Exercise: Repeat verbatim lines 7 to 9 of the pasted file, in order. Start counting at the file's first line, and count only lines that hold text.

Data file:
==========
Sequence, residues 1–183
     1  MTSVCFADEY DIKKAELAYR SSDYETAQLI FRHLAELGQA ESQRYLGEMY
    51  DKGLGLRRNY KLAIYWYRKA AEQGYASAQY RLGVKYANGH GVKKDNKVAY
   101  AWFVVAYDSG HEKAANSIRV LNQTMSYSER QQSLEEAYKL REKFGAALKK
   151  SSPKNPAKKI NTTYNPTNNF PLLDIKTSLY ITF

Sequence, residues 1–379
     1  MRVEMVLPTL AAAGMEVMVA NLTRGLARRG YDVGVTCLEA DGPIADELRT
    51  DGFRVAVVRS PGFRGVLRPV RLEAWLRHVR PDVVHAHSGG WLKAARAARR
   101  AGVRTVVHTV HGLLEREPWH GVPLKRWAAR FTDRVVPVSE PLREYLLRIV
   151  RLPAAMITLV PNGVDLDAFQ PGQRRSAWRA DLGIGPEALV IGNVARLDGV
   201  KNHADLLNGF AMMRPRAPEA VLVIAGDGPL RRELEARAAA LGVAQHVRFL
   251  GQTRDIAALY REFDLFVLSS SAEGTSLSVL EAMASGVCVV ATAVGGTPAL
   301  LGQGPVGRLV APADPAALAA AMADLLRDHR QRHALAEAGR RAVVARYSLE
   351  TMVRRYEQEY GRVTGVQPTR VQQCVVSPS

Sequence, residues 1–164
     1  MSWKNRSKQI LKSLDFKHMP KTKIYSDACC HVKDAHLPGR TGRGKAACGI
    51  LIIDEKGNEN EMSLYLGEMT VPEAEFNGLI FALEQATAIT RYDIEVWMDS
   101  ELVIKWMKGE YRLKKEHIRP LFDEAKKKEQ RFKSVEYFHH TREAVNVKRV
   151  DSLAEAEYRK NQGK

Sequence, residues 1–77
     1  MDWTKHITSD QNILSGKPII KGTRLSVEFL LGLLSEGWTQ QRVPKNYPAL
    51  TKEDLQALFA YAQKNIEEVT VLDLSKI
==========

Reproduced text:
     1  MRVEMVLPTL AAAGMEVMVA NLTRGLARRG YDVGVTCLEA DGPIADELRT
    51  DGFRVAVVRS PGFRGVLRPV RLEAWLRHVR PDVVHAHSGG WLKAARAARR
   101  AGVRTVVHTV HGLLEREPWH GVPLKRWAAR FTDRVVPVSE PLREYLLRIV